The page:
My point? Well, the Lennon tracks are among my favorites of his work. He did some great music through the years, but the simple, heartfelt pop on Double Fantasy was really moving to me.

I feel the same way about Episode VI. The scenes with Luke and Darth/Anakin (and the Emperor--geez he blew me away with that lightning) were really good, at least IMO. I thought the pathos, the realization that even a full-fledged Jedi couldn't stand alone against the Emperor, the whole business was great.

If I could have a 45 minute cut of the that film, I think it'd be the best of the bunch. As it is, it's worth a watch. My kids like it, and I enjoy it if I just tune out the Yoko Ono songs.

Worst of the six? I think the high points were better than Episode IV, and were certainly more involving than anything from the Prequels.

Of course, that's just my opinion. It's funny the way different people see things . . .


Tue Mar 31, 2009 1:32 am
Post Re: March 29, 2009: "1983"
To me, Empire was the pinnacle, the first is the second, and then Revenge Of The Sith. I regretted seeing the other films. Attack Of The Clones and Phantom Mence are garbage peppered with only the most basic entertainment values.


I'm so glad to see a review upcoming for Scarface, although I fear have no idea what you will think of it. After the hatred of Carrie and Femme Fatale, I can never be too certain with you and DePalma :lol:


P.S. - Terms of Endearment anf The Big Chill, ignored? Sorry to all BC fans, but I support this.

Local Hero ignored? *cries*


Tue Mar 31, 2009 1:43 pm
Post Re: March 29, 2009: "1983"
Evenflow8112 wrote:

Local Hero ignored? *cries*


Maybe we can show james that we are revolting and want a review of Local Hero :-)

one of Burt Lancaster's greatest performances as well

Rob


Tue Mar 31, 2009 2:05 pm
Post Re: Star Wars Episode VI -- Double Fantasy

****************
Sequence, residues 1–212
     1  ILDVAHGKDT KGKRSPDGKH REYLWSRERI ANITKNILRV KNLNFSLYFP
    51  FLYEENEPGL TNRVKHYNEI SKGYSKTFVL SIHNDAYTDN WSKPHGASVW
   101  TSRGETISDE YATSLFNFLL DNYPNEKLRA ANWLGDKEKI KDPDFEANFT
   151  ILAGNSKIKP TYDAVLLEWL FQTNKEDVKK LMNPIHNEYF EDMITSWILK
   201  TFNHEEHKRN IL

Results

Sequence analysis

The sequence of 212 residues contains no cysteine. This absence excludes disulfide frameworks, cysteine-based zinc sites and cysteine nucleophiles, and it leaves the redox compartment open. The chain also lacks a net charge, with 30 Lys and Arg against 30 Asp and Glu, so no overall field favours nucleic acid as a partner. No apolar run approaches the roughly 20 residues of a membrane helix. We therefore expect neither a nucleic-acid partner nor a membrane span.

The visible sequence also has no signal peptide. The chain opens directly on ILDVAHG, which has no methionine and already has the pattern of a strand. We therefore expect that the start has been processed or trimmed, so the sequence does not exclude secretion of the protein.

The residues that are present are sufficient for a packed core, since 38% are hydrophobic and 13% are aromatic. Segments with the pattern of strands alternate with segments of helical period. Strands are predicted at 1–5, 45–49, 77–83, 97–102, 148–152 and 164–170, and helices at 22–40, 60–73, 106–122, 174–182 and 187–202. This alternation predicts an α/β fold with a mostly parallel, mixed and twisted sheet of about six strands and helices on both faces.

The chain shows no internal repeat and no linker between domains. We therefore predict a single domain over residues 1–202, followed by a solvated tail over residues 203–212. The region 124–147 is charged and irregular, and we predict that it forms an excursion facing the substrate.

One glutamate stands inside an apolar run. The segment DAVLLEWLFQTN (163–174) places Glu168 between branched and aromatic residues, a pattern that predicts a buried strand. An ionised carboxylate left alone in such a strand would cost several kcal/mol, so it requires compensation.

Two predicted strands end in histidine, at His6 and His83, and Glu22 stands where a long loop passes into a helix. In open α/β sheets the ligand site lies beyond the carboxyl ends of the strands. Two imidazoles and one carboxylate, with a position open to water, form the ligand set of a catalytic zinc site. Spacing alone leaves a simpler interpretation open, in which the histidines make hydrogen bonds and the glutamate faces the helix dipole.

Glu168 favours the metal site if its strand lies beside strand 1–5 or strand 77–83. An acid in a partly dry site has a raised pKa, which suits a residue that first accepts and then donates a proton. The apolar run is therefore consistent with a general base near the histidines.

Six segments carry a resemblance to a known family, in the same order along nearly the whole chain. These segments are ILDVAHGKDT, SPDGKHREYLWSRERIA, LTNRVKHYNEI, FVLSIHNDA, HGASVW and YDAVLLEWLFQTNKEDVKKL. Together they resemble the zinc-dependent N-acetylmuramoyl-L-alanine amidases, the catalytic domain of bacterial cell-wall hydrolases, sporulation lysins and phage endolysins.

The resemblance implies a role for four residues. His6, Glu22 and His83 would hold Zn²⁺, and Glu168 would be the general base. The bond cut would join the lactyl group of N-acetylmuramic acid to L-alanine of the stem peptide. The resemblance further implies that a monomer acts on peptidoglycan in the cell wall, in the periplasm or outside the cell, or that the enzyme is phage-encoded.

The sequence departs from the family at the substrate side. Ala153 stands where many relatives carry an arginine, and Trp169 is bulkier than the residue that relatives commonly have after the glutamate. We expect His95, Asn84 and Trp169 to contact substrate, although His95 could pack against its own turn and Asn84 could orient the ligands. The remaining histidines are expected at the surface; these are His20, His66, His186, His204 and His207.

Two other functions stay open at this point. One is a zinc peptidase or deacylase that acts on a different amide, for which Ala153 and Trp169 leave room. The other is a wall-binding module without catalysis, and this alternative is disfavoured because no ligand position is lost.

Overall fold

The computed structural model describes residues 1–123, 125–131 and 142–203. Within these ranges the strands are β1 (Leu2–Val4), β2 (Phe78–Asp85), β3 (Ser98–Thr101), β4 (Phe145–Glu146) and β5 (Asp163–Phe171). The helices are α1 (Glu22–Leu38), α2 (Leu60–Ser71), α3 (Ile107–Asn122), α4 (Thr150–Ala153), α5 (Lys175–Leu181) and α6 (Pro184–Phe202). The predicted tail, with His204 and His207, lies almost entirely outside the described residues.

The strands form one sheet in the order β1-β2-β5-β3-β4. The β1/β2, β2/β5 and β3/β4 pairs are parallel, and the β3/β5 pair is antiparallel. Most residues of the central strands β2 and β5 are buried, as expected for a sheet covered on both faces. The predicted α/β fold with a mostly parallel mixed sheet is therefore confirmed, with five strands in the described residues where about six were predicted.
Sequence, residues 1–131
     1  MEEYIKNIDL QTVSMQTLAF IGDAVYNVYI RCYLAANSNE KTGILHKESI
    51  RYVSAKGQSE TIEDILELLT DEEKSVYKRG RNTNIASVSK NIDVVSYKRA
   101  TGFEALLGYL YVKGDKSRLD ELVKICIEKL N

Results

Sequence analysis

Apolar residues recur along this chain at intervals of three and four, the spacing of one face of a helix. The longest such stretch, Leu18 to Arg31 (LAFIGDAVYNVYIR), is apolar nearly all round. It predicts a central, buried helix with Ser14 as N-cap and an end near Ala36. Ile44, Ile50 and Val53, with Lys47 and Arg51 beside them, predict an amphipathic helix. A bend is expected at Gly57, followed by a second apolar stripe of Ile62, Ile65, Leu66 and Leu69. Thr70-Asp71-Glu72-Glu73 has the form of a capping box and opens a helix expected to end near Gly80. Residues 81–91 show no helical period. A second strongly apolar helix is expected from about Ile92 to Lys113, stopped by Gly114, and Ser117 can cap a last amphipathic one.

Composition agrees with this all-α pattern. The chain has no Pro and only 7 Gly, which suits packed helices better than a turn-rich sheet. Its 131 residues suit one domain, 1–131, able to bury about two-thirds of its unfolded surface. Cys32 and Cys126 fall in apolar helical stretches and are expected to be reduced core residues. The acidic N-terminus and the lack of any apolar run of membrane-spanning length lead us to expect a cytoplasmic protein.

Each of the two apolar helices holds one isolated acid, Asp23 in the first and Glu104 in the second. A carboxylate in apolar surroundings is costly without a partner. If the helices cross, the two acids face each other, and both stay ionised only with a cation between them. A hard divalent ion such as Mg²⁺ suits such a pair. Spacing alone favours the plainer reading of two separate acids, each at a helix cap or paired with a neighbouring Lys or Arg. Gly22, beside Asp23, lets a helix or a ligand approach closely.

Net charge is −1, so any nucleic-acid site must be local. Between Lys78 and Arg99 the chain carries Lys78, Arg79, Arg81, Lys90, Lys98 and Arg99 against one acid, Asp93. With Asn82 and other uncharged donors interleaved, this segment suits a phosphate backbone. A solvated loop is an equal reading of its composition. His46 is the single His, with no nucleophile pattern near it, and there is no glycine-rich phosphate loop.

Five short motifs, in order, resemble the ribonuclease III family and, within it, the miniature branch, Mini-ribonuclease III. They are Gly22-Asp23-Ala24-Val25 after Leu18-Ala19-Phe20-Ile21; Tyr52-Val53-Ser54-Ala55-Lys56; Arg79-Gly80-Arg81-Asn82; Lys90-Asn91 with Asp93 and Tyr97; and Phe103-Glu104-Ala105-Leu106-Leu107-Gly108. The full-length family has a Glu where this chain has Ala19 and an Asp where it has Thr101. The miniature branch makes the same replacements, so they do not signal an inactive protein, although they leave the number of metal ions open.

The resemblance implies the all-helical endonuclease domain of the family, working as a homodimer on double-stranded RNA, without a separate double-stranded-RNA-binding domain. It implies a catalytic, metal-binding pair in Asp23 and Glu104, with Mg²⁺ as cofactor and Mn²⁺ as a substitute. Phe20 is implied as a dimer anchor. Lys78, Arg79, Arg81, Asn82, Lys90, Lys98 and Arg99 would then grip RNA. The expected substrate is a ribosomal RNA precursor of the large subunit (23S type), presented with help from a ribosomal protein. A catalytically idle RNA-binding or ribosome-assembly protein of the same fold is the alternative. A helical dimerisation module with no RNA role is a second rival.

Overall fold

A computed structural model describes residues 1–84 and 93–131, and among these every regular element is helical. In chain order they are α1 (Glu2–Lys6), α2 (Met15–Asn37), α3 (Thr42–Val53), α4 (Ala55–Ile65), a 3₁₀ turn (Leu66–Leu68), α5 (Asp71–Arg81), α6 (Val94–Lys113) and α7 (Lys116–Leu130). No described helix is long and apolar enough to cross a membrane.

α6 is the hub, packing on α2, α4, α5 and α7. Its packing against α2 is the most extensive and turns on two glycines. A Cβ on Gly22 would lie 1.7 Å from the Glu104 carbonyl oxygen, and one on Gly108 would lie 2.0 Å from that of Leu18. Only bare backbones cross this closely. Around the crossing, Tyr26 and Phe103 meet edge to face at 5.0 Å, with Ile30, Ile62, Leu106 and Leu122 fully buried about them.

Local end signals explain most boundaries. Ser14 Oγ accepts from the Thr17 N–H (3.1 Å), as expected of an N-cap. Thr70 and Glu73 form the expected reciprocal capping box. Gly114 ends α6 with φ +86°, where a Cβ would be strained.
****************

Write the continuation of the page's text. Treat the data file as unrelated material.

I agree that episode II was probably the worst of the bunch. Whenever I watch Return of the Jedi, I usually fast forward the Tatooine scenes and the Ewok scenes... the Luke/Vader/Palpatine stuff is classic, and I really enjoyed the space battle. "YES I SAID CLOSER!!!!". What still baffles me is if they just blew up the death star, why did 50+ star destroyers DO NOTHING about it???

But yeah, RotJ > AotC


Tue Mar 31, 2009 7:08 pm
Post Re: March 29, 2009: "1983"
Yeah got to agree with James on this one. Ain't now way ROTJ is worse than Episode 1 and 2. No way. I won't even accept that there is anything subject about that statement. As for Episode 1 vs. 2, it was 67 64 in favor of Episode 2. On IMDB it was 6.8 6.4 in favor of Episode 2. Not exactly blowing it away, but not a wide margin for Episode 1 either. All this to say that, in my opinion, Episode 1 is one of the worst movies I have ever had to watch. I could kill Jar Jar Binks with my bare hands.


Tue Mar 31, 2009 11:10 pm
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Joined: Thu Jan 22, 2009 10:55 pm
Posts: 3104
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Post Re: March 29, 2009: "1983"
Robert Holloway wrote:
I had really hoped James would review Local Hero as it's one of those charming and gentle comedies that gets better with each viewing. Although it sits at a miserable 100% on Rotten Tomatoes.


And the reason I'm not reviewing LOCAL HERO is...

Because I have already reviewed it (although it's one of those that hasn't been ported into the database).

Click here.


Tue Mar 31, 2009 11:15 pm